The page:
One of the main QAnon Telegram channels recently broadcast a dire warning. An upcoming demonstration to expand gun rights in Florida could be a false flag, they claimed, hinting that violence is possible.
“Hopefully I am wrong… but [I] have a really bad feeling about this one,” Q Alerts – Q Drop Alerts wrote to their 55,000 Telegram subscribers on Tuesday. They claim that an upcoming Gun Owners of America demonstration supporting Floridians carrying concealed weapons without a permit might be targeted by a shadowy group of “agent provocateurs” for a false flag operation.
Gun Owners of America did not respond to request for comment.
Conspiracy theorists typically use “false flag” to refer to mass shootings or other large-scale violent events like the Capitol riot, which they believe the government secretly carries out to further an agenda. The warning twice references the Jan. 6 riot.
The implication is secret government agents may try to turn the riot violent to demonize gun rights activists.
This warning is based entirely on the hunch of whoever runs the Q Alerts – Q Drop Alerts channel. It borrows heavily from the QAnon playbook that’s proven so successful over the years: Make people feel persecuted, give them an enemy, and something to anticipate and fear. If it gets the opposition to pay attention, all the better.
That’s precisely what happened after an outspoken QAnon opponent tweeted about Q Alerts’ warning with one of their own.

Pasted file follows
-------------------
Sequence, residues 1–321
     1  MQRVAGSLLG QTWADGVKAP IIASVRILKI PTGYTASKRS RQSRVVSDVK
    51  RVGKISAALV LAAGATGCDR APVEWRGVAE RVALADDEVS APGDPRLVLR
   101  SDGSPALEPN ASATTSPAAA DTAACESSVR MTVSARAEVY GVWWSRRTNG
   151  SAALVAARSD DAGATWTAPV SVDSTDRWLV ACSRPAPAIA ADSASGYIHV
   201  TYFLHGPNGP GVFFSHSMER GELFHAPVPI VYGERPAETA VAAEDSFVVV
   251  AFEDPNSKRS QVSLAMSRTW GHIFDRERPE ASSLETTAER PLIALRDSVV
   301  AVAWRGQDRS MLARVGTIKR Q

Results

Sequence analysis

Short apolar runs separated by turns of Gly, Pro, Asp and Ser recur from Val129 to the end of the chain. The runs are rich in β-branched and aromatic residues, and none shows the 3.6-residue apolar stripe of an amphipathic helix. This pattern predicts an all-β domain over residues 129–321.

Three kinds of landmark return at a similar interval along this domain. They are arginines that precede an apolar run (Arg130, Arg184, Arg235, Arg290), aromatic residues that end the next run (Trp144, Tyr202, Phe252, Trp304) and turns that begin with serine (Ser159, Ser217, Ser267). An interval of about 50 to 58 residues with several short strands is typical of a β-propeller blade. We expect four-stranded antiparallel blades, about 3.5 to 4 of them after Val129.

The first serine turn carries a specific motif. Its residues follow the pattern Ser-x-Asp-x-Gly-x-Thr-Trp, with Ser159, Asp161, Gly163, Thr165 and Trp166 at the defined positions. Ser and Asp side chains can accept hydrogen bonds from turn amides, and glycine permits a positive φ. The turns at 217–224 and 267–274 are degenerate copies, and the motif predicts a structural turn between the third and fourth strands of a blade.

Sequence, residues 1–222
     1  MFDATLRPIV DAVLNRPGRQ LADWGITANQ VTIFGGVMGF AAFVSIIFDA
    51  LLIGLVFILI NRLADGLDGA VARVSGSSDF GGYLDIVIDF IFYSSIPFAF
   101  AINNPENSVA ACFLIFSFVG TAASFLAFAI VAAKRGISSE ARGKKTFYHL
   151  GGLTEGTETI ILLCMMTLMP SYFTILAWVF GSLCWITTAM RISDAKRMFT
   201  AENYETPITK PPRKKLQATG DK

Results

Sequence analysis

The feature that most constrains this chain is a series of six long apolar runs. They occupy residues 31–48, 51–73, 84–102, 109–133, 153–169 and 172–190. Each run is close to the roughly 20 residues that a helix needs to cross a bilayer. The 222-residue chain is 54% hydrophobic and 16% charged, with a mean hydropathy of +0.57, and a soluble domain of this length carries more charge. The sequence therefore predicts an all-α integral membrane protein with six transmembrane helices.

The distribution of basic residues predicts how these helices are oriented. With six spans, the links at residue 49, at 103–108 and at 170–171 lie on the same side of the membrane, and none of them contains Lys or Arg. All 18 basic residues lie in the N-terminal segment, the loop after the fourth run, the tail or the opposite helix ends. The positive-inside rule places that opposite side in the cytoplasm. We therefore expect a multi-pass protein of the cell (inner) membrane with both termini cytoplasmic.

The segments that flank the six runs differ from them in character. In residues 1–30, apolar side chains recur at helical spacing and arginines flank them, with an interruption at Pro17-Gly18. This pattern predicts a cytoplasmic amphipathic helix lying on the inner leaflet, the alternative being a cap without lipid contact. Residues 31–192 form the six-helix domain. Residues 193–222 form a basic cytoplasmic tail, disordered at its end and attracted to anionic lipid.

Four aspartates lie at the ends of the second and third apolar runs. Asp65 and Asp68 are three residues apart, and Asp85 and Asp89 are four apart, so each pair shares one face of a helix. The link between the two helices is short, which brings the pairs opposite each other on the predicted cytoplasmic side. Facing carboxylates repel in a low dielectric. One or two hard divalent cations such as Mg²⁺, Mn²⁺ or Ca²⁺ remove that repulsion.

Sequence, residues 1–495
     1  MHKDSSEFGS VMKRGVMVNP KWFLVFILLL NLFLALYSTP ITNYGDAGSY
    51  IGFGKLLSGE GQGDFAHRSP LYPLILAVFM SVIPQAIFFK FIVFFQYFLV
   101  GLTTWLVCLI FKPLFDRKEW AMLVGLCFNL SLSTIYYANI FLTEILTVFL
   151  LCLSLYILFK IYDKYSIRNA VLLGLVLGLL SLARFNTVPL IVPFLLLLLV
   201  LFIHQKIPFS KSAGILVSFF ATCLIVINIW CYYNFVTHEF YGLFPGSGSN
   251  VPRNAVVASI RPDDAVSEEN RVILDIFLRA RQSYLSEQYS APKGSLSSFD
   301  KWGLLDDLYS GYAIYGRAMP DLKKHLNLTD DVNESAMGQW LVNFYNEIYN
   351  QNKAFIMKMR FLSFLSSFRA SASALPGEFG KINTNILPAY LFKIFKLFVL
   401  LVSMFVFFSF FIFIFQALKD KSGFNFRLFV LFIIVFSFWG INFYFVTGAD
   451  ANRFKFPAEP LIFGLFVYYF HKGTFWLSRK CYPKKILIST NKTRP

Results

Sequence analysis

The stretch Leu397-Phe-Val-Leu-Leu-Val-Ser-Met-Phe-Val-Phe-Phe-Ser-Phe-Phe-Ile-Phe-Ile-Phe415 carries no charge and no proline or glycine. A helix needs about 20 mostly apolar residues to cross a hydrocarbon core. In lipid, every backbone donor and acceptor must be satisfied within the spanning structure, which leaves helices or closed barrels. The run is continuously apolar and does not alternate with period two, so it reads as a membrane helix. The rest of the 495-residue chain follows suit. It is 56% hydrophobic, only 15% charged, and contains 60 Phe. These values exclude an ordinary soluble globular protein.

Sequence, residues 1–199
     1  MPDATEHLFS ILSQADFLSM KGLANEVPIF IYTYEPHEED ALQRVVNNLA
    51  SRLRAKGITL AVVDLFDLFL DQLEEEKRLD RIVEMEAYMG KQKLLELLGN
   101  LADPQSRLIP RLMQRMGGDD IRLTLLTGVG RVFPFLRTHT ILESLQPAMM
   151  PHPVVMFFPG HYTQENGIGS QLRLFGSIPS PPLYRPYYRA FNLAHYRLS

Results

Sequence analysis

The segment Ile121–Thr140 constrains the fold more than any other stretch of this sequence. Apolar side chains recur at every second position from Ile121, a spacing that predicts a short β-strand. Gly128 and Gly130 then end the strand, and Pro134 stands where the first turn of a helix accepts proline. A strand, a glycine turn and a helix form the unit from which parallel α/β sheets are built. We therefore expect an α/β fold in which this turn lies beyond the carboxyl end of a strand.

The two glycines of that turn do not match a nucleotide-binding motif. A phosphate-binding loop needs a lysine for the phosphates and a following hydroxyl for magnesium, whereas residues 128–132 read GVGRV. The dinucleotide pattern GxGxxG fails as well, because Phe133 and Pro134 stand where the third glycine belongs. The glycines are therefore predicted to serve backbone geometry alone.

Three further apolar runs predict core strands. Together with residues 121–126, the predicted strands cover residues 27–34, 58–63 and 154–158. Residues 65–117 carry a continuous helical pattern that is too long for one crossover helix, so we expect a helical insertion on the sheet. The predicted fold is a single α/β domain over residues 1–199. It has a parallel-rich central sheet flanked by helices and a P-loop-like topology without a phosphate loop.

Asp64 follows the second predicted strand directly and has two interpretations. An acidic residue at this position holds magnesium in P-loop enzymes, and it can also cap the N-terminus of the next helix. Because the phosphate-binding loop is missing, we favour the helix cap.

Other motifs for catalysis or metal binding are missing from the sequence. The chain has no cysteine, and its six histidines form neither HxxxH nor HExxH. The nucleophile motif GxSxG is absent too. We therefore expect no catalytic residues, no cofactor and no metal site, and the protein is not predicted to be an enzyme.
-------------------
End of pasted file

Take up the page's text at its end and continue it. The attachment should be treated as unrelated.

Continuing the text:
In comments and quote tweets, followers of Jim Stewartson fretted and tagged law enforcement agencies. “Shouldn’t the FBI, the DOJ be preparing to quash any violence?” fretted one. Another asked, “Know anyone who’s purchased thousands of rounds of ammunition lately?”
Stewartson and his fans seem to be misinterpreting the post, saying QAnon promoters “expect violence,” implying they were looking to turn the rally violent. The post though is squarely saying they think the government might provoke action at the event.
QAnon is a conspiracy theory that the planet is controlled by a cabal of cannibalistic pedophiles who worship Satan.
For all its strangeness, QAnon exploded in popularity based on its effectiveness at fomenting division, exploiting tragedy, and making predictions couched in disclaimers. That way if it was wrong, well, you misinterpreted it. If it was right, or could possibly be right, that’s just one more reason to Trust The Plan.
Q Alerts’ warning about the possibility of violence at the upcoming gun rights rally in Florida is more of the same. And the mere fact that Q Alerts posted it gives it the potential to morph into something real. Unlike many prominent voices in QAnon, Q Alerts is remarkably restrained in their communications, which has earned their followers’ trust. On Telegram, it long exclusively posted links to Q drops. When Q went silent, so did it. In May, it to linked to “new intel,” only to walk it back the next day because it didn’t have the hallmark of what they consider authenticity.
“Unless Q verifies it with their ‘trip code’ we at QAlerts.app are considering the post bogus,” they wrote. “It has been deleted from our site. Our site will now only consider a post to Q’s private read-only board valid if they use their trip code.”
Q Alerts also posted the warning about a potential false flag at the gun rally to the 72,000 people who follow their verified Gab account. Commenters were spooked.